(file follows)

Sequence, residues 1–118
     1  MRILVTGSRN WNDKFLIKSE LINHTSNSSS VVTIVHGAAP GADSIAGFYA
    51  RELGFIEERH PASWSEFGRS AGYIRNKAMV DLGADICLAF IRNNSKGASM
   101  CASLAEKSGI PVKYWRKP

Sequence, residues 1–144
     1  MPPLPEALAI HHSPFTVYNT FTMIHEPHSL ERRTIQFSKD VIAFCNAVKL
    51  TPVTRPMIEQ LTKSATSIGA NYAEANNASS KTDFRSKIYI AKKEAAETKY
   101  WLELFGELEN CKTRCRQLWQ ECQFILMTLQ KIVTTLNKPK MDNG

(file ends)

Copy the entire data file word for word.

Sequence, residues 1–118
     1  MRILVTGSRN WNDKFLIKSE LINHTSNSSS VVTIVHGAAP GADSIAGFYA
    51  RELGFIEERH PASWSEFGRS AGYIRNKAMV DLGADICLAF IRNNSKGASM
   101  CASLAEKSGI PVKYWRKP

Sequence, residues 1–144
     1  MPPLPEALAI HHSPFTVYNT FTMIHEPHSL ERRTIQFSKD VIAFCNAVKL
    51  TPVTRPMIEQ LTKSATSIGA NYAEANNASS KTDFRSKIYI AKKEAAETKY
   101  WLELFGELEN CKTRCRQLWQ ECQFILMTLQ KIVTTLNKPK MDNG